Is Becoming a Chief Nursing Officer Right for You?

If you've been a nurse or nurse practitioner for a while now, you might be considering healthcare opportunities outside of patient care.  It's natural to look towards advancing your career or seeking a new role for a change.  Well, you're in luck.  While directly working with patients makes up most NP jobs, there are leadership opportunities available to meet your need for a change and a challenge.  One of the most prestigious of these is that of a Chief Nursing Officer.

Chief Nursing Officers (CNO) are the big cheese, the top dogs of the nursing world.  They are the voice of nurses to hospital administration representing the entire nursing staff.  If you are leadership minded, becoming a CNO could be the perfect goal for your career.  So, put down those scrubs, dust off your power suit and let's take a look at the role of a Chief Nursing Officer. 

What exactly is a Chief Nursing Officer?

Nurses are at the core of every hospital system.  Most hospital administrators, however are non-clinical professionals.  They aren't quite sure what nurses need to do their jobs.  They don't understand what they day to day life of nurses is like.  Administrators may have trouble implementing the latest clinical guidelines because they lack medical knowledge.  Enter the Chief Nursing Officer.

CNO's bring nursing issues from the hospital floor to the boardroom.  They ensure that the hospital system, nurses and patient's needs align efficiently and smoothly.  Chief Nursing Officers weigh the business perspective of the hospital system with clinical guidelines and the needs of nursing staff combining them into a functional system.

CNO Wihelmina Manzano of New York's Presbyterian Hospital says the key things she focuses on in her role as a CNO are "maintaining a healthy, competent, robust nursing workforce, aligning nursing's goals with the hospital's so I can better support the organizational initiatives, improving the work environment of the nursing staff, leadership development, the role of technology in healthcare communications, efficiency and patient safety and of course how healthcare reform will impact healthcare organizations and hospitals, including nursing".  

How much does a Chief Nursing Officer make?

Chief Nursing Officers have a difficult job and are compensated well for their work.  The average salary of a CNO is about $148,000.  CNO's working in larger hospitals (299 beds or more) earn an average income of $211,000.  Very large hospital systems pay CNO's even more with some earning into the $300,000 range.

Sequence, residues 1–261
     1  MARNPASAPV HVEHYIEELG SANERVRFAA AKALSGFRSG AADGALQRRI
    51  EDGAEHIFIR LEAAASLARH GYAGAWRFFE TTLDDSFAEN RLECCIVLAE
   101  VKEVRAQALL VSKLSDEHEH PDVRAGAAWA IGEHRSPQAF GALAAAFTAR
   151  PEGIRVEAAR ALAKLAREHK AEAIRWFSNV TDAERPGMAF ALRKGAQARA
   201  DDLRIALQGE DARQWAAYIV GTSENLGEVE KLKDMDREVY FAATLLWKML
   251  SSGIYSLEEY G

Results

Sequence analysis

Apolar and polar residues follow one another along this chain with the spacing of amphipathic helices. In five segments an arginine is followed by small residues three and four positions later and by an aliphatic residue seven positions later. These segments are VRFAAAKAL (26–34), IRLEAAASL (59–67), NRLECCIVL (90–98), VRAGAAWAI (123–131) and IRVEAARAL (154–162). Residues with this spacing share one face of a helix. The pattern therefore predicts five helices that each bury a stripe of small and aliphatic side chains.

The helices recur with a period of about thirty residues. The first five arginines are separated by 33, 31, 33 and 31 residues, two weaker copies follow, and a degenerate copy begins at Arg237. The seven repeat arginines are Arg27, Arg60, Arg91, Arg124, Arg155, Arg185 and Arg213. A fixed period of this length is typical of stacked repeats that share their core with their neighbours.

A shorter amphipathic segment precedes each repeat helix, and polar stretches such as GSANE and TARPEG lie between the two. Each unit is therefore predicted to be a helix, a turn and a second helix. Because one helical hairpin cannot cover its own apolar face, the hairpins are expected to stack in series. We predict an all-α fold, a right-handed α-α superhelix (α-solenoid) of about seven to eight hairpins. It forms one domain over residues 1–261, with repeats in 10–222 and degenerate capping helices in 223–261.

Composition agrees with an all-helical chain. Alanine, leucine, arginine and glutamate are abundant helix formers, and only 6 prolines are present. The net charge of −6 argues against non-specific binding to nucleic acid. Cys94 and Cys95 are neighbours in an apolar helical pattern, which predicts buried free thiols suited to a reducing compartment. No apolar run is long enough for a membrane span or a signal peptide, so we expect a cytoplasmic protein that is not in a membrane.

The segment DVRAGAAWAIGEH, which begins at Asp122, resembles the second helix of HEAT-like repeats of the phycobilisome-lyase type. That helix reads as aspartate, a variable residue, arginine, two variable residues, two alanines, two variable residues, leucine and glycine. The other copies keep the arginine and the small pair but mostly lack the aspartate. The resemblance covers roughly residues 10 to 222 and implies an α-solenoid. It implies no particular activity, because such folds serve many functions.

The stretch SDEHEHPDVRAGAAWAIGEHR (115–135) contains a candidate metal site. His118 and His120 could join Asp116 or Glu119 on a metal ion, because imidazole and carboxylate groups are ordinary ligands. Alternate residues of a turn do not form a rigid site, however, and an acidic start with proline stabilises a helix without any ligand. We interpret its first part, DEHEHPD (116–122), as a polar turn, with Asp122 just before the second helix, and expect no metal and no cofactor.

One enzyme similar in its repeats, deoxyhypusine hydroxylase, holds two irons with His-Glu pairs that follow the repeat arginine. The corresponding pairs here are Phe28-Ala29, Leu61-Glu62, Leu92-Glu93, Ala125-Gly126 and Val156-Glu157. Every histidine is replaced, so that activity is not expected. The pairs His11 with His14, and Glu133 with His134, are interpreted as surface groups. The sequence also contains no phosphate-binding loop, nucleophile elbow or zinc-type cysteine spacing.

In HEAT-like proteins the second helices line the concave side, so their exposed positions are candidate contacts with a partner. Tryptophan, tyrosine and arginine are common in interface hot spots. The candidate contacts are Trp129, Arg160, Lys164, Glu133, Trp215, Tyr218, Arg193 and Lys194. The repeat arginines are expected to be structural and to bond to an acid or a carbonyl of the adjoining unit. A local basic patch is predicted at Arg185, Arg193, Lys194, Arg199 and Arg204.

How do you become a Chief Nursing Officer?

With many nursing leaders projected to retire over the next few years, now is an excellent time to start moving up within the nursing leadership ranks.  If you want to become a Chief Nursing Officer, you will likely be required to slowly work your way up the nursing leadership ladder.  Working as a CNO requires not only healthcare but business savvy.  Intermediate nursing leadership roles will help you gain the experience you need to be successful in a more lofty position.  

The first step you should take on your path to becoming a CNO is letting your employer know you are looking to advance your career.  Apply for nurse leader and nurse manager positions, especially within your current hospital system.  Hospitals tend to favor internal candidates over external so moving upward with your current employer will be easier than applying for a nurse manager position at an outside hospital.

While you take on more advanced roles at work, start getting your master's degree.   Nearly all CNO's hold an MSN and a doctorate degree is preferred.  Many MSN programs allow you to work while continuing your education so find a program that's online or with flexible hours.  Additionally, some hospitals offer CNO or nurse leader training programs.  Ask your employer if they offer any leadership training opportunities and take advantage of these programs.  This signals to your employer that you are seeking advanced opportunities while offering specialized training so you can efficiently work your way up the nursing leadership ladder. 

What advice do current CNO's have for future Chief Nursing Officers?

Each year Professor of Nursing and Director of the Nursing Leadership Institute Dr. Rose O'Sherman asks her students to interview a CNO asking "Looking back on your career, if you were asked to give advice to a nurse just beginning his or her career in nursing leadership, what would that advice be?".  Here are a few favorite responses she has received:

  • Seek graduate education because you will need the skill set
  • Develop strong business skills and don't lose sight of the fact that healthcare is a business
  • Get feedback on your communication skills and work hard to correct any problems
  • Select a mentor in a leadership position who can provide you with support, insight and knowledge
  • Set short and long-term goals
  • Learn to be comfortable with conflict but strive to be collaborative

If you're looking for opportunities outside clinical practice and a way to integrate leadership and business skills into your nursing background, becoming a Chief Nursing Officer just might be the right path for your career.

 

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